The process of recovery in schizophrenia involves resolving persistent symptoms and improving functional outcomes. Our research groups have demonstrated that using environmental supports in the patient's home to bypass deficits in cognitive functioning in a treatment called Cognitive Adaptation Training (CAT) improves adherence to medications and functional outcomes in schizophrenia and that Cognitive Behavior Therapy (CBT) decreases symptomatology and the negative effect of persisting symptoms upon individuals with this disorder. Data suggest these treatments have modality specific effects. Targeting both functional outcomes and persistent positive symptoms in a multimodal cognitive treatment provided in the patient's home is likely to have the most robust effects on functional outcomes, persistent symptoms and the distress caused by these symptoms for individuals with schizophrenia. We propose to randomize 200 individuals with schizophrenia taking antipsychotic medications to one of four psychosocial treatments for a period of 9 months: 1) CAT, 2) CBT, 3) Multimodal Cognitive Treatment (Mcog;an integrated treatment featuring aspects of both CAT and CBT), and 4) standard treatment as usual (TAU). Patients will be followed for 6 months after treatment is completed. Outcomes will be assessed at baseline and every 3 months. Primary outcome variables with include measures of symptomatology and functional outcome. We hypothesize that patients in treatments with CBT as a component (CBT and Mcog) will improve to a greater extent on measures of symptomatology than those randomized to non-CBT treatments (CAT or TAU) and that patients in Mcog will improve to a greater extent than those in single modality CBT. Moreover, we hypothesize that patients in treatments with CAT as a component (CAT and Mcog) will improve to a greater extent on measures of symptomatology than those randomized to non-CAT treatments (CBT or TAU) and that patients in Mcog will improve to a greater extent than those in single modality CAT. The potential public health implications of promoting recovery in schizophrenia through multi-modal treatments are profound. By integrating effective treatments the potential for synergistic improvements can be assessed. Home visits can be costly. Maximizing the benefits to patients by providing multi-modal treatment on the same home visit is likely to improve a broader range of outcomes with minimal additional cost. Many individuals with schizophrenia continue to hear voices, have false beliefs, and problems with attention, memory planning and everyday functioning even with medication treatment. The process of recovery in schizophrenia involves treating the whole person. This study will test a new Multimodal Cognitive Treatment (Mcog). Mcog works around problems in attention, memory and planning by using supports in the home such as signs, checklists, and alarms to improve everyday functioning. Mcog also helps the individual to examine the evidence for their beliefs and to deal with symptoms like voices that are not completely resolved with medications. We will compare 4 treatments to determine if this combined approach improves both symptoms and functioning for individuals with schizophrenia.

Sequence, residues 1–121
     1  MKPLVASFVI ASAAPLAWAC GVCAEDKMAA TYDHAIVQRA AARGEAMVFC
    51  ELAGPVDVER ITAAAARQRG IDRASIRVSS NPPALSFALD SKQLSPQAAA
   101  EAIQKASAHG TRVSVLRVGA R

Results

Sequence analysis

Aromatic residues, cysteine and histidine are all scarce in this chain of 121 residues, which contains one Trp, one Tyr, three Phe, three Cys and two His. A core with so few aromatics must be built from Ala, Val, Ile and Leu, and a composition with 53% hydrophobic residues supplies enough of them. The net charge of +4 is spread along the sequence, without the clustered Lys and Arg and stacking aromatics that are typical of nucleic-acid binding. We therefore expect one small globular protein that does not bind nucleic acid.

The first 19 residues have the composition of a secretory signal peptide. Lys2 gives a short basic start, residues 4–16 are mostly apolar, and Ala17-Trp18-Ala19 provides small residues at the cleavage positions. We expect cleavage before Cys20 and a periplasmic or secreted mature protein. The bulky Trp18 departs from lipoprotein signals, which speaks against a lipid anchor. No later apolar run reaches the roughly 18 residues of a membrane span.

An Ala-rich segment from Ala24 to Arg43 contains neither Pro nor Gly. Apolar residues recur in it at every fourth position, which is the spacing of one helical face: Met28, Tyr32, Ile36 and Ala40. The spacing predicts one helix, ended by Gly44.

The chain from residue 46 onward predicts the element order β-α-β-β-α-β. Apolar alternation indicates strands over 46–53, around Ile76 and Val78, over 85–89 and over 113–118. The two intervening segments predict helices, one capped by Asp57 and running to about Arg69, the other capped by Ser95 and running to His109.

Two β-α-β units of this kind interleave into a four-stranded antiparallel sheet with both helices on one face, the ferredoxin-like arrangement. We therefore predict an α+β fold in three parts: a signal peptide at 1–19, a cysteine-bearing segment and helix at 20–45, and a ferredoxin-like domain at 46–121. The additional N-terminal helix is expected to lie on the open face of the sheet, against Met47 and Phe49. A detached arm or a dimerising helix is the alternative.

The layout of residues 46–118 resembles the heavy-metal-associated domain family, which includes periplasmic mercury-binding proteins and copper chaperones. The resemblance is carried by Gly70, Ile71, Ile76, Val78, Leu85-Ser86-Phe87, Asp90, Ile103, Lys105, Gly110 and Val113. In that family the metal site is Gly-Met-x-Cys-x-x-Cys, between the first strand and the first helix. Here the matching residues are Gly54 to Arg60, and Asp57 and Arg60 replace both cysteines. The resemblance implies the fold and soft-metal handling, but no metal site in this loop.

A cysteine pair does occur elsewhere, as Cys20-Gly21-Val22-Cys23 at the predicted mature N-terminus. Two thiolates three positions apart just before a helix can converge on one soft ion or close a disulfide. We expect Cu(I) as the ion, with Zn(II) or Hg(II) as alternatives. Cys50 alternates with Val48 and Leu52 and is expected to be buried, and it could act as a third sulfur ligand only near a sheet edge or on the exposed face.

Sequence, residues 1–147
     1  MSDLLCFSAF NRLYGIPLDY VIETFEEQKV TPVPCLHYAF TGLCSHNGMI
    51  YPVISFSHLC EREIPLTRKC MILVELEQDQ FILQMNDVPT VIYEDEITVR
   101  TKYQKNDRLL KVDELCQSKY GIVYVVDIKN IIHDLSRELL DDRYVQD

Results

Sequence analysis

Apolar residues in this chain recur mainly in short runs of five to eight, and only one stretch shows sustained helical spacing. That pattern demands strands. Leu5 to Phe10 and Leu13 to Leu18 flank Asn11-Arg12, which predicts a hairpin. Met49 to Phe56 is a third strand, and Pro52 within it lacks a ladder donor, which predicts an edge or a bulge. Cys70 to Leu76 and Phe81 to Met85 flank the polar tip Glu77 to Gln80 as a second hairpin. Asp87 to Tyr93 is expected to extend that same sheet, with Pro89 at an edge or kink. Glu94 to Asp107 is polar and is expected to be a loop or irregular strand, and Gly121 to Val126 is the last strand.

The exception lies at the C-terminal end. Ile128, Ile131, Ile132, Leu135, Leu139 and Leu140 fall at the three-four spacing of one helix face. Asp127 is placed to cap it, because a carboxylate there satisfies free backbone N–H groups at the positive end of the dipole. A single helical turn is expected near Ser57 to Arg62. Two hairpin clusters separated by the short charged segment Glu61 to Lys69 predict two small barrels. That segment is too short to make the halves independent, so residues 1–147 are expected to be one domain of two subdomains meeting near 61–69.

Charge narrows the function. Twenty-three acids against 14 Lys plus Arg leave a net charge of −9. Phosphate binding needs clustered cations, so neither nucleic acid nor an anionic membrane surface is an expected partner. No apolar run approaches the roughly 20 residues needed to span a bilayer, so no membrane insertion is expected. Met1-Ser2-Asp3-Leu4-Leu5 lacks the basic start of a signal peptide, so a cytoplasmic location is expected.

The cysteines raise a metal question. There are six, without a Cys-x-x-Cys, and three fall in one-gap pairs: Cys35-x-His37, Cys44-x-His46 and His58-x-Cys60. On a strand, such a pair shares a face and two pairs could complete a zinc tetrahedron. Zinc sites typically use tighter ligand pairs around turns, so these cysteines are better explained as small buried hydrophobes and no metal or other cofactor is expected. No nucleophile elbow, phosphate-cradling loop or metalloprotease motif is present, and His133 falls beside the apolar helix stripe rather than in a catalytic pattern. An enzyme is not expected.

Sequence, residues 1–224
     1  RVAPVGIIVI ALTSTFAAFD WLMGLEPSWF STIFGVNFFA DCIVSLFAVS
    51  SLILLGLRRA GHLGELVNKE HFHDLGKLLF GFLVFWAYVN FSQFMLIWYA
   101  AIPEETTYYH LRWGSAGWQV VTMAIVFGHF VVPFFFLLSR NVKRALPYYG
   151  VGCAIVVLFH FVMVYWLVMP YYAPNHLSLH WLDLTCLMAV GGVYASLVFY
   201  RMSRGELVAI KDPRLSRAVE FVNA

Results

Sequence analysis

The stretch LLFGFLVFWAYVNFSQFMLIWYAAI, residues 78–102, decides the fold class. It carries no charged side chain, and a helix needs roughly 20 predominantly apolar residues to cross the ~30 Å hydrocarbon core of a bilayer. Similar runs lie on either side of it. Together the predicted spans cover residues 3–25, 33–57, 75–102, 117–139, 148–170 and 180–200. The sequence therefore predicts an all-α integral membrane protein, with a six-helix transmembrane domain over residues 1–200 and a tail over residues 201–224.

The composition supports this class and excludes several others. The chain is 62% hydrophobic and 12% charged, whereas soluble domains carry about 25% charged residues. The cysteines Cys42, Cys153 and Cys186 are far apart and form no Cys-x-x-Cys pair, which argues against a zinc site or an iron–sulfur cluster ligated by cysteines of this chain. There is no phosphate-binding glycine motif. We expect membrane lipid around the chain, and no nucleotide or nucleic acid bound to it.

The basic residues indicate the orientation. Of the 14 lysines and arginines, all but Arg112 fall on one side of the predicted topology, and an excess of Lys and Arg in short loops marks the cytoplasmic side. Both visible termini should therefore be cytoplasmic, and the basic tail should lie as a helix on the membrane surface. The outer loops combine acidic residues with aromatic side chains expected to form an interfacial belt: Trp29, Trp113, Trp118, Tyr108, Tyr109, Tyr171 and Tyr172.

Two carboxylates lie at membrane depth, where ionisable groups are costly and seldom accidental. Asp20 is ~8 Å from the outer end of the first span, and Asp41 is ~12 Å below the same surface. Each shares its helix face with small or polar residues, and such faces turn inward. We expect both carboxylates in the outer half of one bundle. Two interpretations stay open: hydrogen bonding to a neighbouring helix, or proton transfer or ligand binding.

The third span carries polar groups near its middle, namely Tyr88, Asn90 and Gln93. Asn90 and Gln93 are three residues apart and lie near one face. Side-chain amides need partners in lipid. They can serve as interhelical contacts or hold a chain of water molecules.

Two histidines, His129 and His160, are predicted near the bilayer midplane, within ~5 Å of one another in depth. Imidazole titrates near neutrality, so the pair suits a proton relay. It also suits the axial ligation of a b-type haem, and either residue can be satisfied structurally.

National Institute of Health (NIH)
National Institute of Mental Health (NIMH)
Research Project (R01)
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Interventions Committee for Disorders Related to Schizophrenia, Late Life, or Personality (ITSP)
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Rudorfer, Matthew V
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University of Texas Health Science Center San Antonio
Schools of Medicine
San Antonio
United States
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Velligan, Dawn I; Tai, Sara; Roberts, David L et al. (2015) A randomized controlled trial comparing cognitive behavior therapy, cognitive adaptation training, their combination and treatment as usual in chronic schizophrenia. Schizophr Bull 41:597-603
Drapalski, Amy L; Medoff, Deborah; Unick, George J et al. (2012) Assessing recovery of people with serious mental illness: development of a new scale. Psychiatr Serv 63:48-53
Velligan, Dawn I; Draper, Meredith; Stutes, Donna et al. (2009) Multimodal cognitive therapy: combining treatments that bypass cognitive deficits and deal with reasoning and appraisal biases. Schizophr Bull 35:884-93